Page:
WASHINGTON - Alaska Gov. Sarah Palin opened a political action committee Tuesday, a move that may not outright confirm her intentions of running for president in 2012, but indicates she intends to remain a regular on the national political stage.
SarahPAC, which will raise money online at www.sarahpac.com, was registered Monday night with the Federal Election Commission. The Web site went live Tuesday, said Pam Pryor, who worked as a liaison between the McCain-Palin presidential campaign and the Republican National Committee. Now Pryor is serving as a volunteer spokeswoman for the new political action committee.
The goal of the committee, according to its Web site, is to "make it possible for Gov. Palin to continue to be a strong voice for energy independence and reform. ... SarahPAC will support local and national candidates who share Gov. Palin's ideas and goals for our country."
But it also allows Palin to more easily differentiate between her political activity and her gubernatorial duties, Pryor said. She can use the money raised by the political committee to donate to other like-minded candidates or to incur travel expenses on behalf of them. She also can use it to pay for her own political activities unrelated to her official job.
So, for example, Palin can use money raised by the committee to attend this weekend's Alfalfa Club dinner, Pryor said. The elite club's members include such politicians as former Florida Gov. Jeb Bush, Sen. Joseph Lieberman, I-Conn. and New York Mayor Michael Bloomberg. The club, founded nearly 100 years ago, attracts about 200 high-profile people to its annual dinner.
Palin's PAC also could be used to offset the costs of attending the Conservative Political Action Conference in Washington at the end of February. Palin is tentatively scheduled to speak at the annual conservative gathering.
"She came onto the national scene, and there's still a great deal of appetite in the political world to have her be a part of that," Pryor said. "Her family and Alaska come first. After that, if there's extra time, I think she still wants to be involved and will look at the PAC as a way to fuel that to kind of fuel that political activity."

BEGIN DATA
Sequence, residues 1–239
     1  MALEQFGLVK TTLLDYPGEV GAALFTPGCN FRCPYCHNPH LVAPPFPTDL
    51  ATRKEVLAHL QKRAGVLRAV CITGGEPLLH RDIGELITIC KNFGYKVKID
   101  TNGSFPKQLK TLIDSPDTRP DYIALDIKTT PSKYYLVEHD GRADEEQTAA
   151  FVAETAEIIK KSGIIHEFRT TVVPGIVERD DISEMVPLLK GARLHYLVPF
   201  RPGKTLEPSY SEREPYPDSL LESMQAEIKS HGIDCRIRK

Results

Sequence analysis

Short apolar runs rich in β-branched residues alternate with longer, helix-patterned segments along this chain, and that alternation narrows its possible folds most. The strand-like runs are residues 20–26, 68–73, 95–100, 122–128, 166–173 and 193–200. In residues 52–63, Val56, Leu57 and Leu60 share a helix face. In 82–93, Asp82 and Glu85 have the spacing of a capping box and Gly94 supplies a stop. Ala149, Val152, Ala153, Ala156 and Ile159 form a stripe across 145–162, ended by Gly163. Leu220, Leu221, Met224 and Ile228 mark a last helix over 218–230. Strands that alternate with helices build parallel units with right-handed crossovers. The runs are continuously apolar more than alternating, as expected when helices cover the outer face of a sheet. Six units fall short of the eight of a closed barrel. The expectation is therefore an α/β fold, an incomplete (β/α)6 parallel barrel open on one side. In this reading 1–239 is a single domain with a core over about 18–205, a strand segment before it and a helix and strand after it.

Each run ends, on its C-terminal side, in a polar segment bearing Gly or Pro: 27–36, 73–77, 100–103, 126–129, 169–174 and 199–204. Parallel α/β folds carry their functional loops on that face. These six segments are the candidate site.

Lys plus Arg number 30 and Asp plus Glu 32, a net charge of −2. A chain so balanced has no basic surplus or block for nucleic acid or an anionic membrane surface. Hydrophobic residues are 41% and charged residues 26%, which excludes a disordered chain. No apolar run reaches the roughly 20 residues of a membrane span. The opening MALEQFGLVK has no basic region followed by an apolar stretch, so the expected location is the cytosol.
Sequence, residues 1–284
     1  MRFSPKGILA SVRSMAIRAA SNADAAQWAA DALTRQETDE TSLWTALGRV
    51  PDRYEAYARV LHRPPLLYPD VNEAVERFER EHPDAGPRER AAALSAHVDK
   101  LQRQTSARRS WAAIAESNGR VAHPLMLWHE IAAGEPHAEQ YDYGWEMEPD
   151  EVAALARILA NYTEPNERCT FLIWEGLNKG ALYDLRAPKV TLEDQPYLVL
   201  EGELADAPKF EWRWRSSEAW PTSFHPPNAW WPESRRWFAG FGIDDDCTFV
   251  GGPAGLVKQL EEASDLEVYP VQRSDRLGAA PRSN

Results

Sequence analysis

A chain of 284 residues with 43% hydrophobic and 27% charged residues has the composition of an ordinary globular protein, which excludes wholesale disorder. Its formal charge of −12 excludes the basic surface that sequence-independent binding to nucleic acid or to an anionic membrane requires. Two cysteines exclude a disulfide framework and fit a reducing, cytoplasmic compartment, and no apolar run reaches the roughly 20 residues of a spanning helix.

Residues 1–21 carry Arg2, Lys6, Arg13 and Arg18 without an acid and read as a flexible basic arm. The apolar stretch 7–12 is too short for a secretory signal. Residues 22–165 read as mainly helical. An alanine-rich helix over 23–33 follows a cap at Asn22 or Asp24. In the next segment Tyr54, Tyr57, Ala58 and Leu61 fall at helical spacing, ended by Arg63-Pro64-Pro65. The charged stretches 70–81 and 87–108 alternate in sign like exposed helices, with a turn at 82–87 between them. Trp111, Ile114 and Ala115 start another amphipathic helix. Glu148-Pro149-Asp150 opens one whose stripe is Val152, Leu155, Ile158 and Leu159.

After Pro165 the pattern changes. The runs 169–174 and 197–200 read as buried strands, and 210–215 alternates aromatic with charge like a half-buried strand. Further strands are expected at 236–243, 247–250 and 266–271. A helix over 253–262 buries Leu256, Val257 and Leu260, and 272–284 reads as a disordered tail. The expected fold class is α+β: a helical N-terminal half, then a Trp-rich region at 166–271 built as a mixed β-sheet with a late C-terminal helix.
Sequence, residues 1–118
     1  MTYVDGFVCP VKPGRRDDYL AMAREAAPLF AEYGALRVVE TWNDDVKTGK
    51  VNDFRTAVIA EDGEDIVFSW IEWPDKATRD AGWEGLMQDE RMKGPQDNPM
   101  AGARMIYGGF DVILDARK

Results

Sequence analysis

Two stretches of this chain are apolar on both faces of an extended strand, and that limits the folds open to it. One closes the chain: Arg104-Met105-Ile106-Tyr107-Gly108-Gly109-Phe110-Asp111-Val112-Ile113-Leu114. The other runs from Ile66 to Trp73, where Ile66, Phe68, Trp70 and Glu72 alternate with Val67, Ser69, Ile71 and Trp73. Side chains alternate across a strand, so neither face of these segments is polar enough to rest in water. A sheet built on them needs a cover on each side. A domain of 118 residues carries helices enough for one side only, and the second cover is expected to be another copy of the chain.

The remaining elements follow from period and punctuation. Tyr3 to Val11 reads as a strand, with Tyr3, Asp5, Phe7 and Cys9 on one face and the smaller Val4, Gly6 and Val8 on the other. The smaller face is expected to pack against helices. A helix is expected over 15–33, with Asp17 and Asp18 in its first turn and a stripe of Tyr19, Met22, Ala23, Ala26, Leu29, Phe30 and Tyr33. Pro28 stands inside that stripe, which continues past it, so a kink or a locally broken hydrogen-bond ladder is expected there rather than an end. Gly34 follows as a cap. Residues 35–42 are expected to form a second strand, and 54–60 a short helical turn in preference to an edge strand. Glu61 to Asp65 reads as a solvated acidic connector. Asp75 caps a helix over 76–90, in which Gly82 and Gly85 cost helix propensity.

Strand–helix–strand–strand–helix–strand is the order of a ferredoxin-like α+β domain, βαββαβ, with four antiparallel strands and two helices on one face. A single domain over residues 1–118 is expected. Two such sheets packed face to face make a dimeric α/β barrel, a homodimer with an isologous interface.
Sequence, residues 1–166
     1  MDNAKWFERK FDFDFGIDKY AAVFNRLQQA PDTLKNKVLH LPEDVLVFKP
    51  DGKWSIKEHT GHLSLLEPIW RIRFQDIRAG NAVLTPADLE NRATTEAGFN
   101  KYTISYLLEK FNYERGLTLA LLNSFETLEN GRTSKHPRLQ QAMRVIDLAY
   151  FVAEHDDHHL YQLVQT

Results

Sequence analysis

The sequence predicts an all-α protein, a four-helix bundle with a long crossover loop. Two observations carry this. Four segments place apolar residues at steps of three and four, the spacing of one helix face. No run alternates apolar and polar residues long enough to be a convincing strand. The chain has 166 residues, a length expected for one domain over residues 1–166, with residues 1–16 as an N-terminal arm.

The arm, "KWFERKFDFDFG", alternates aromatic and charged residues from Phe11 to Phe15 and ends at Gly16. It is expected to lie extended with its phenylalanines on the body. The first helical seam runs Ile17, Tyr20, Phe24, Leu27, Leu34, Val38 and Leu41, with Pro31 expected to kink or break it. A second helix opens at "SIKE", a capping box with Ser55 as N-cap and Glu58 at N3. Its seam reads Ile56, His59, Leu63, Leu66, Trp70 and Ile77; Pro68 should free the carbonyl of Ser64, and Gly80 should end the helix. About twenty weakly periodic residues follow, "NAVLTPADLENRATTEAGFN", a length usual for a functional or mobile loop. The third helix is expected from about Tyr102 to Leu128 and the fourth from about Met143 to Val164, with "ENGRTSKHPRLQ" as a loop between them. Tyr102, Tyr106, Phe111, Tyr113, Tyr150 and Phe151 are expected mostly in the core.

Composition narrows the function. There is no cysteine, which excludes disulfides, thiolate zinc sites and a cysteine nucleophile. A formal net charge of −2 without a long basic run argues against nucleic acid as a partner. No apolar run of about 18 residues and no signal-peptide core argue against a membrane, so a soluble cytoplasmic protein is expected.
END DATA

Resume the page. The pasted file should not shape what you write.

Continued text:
Pryor said that Palin wants there to be a "bright line" between her duties as governor and her political activity. Some critics, including Alaska political activist Andree McLeod, have complained that Palin blurred those during her bid for vice president.
Earlier this week, McLeod filed ethics complaints against two of Palin's top aides, alleging her communications director, Bill McAllister, and close aide Kris Perry misused their positions to promote the governor's political ambitions.
McLeod cited as evidence the time Perry spent traveling with the governor on the vice-presidential campaign trail and afterward. She also cited e-mails that she said showed McAllister in "an ongoing collaboration with Republican National Committee convention staff."
Palin's press office in Anchorage, citing the state's ethics guidelines, would not answer any questions Tuesday about SarahPAC. They also would not refer a request for an interview about it to the governor. They referred all questions to the Alaska Republican Party.
Pryor was emphatic that the PAC is not an exploratory committee for a potential presidential bid in 2012.
"No, Lord, no!" Pryor said.